Three Girls Reading, 1907, Edmund Charles Tarbell
Daily Thoughts 12/07/2013
This morning on the way to work, I read some more of Thieves of Book Row. The action in the account occurs in libraries and bookstores between New York City and Boston. Apparently, thieves would travel and sell their stolen books between the cities.
I checked the Twitter and Facebook for the library.
This morning, I did a little shifting (moving around books) in the oversize books. I also have to do some moving around books in the new books section. Maintenance put in some new shelving which we had picked up as a gift from the Rye library. On Monday, we will be getting some brand new shelving for the new books as well as some fresh signage which should make things look nicer and provide better directions.
I put the book, The Darwin Elevator by Jason M. Hough on hold which is science fiction.
The book, Junkyard Planet Travels in the Billion-Dollar Trash Trade by Adam Minter came in for me to read as well. As usual, I have too many books to read right now.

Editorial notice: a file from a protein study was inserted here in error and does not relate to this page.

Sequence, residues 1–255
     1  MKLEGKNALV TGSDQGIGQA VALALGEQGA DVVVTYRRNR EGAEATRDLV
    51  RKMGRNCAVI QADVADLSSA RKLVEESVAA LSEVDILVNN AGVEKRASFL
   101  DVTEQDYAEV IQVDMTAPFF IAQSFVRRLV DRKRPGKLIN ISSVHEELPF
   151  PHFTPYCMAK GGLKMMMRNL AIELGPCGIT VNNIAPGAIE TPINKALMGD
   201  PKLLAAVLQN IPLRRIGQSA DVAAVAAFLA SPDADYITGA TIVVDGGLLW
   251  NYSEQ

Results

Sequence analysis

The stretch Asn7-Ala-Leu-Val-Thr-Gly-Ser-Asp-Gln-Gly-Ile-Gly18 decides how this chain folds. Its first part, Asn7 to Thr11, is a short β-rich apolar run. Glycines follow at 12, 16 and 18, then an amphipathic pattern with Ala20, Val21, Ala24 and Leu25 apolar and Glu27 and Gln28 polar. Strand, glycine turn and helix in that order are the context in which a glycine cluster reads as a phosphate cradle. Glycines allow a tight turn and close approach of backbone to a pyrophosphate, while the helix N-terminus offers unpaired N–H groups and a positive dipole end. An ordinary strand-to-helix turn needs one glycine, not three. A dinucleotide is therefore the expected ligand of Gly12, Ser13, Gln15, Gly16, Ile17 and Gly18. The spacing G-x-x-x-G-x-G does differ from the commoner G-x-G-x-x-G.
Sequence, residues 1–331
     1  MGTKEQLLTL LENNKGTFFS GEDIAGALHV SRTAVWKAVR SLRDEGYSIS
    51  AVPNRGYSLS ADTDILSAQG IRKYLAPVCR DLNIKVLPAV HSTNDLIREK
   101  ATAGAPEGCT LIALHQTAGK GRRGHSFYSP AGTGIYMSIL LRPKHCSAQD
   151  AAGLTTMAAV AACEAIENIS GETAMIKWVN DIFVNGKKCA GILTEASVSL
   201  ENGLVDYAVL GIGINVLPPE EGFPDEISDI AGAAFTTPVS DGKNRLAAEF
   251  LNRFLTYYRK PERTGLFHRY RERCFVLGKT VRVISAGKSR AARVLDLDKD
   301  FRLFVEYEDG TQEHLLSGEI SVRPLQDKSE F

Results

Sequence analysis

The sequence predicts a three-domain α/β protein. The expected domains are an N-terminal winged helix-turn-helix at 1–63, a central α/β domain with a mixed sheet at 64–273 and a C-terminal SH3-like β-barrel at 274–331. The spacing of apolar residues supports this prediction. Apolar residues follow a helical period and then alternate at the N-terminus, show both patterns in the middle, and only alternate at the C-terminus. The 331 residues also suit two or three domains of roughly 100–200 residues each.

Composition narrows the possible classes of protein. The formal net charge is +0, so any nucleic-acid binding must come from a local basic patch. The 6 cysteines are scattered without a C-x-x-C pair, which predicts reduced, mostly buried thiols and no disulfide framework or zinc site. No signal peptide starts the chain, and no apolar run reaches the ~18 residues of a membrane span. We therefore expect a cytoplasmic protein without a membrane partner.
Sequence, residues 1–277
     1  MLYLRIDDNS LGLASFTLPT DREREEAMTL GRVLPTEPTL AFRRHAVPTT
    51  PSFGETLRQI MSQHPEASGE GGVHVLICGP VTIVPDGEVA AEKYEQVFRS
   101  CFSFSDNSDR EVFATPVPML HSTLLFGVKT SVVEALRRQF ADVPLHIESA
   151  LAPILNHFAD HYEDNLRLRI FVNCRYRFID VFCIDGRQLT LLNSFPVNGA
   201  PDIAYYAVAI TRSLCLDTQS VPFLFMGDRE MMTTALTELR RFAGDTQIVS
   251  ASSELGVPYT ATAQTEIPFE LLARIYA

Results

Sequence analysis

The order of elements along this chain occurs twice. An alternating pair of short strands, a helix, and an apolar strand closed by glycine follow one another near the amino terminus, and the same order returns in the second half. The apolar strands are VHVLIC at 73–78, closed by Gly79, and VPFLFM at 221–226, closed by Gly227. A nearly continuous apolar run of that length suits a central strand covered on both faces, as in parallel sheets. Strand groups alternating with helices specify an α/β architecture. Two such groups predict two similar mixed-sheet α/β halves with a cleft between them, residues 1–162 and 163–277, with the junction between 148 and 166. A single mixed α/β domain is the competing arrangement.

I spent most of the afternoon shifting the new books. I also spent some time talking to a colleague about electronic resources.
On the way home, I read some more of Thieves of Book Row New York's Most Notorious Rare Book Ring and the Man Who Stopped It by Travis McDade. Travis McDade puts forth the idea that a crooked book dealer who recruits thieves is often more of a menace to libraries than a lone thief who steals from libraries. The end of the book has the story of the Romm gang who employed a variety of thieves to steal Americanah from libraries all over Boston and New York and ultimately was broken up. The break up of the gang led to the shuttering of several bookstores. It was interesting because the story focused on the methods used from the long jacket with hidden pockets to the cosying up to librarians to get to know their patterns. We learn how book dealers would generate lists of items that they were seeking which they would hand off to scouts to find. These lists were used by both thieves and honest book scouts. Even though this book was set in the 1920s and 1930s it is still very relevant. There are a lot of names of real people in the New York book, Boston, Chicago, and Canadian book trade that are historically recognizable. The book includes extensive notes and an index.
I started reading Sonia Sotomayor, My Beloved World.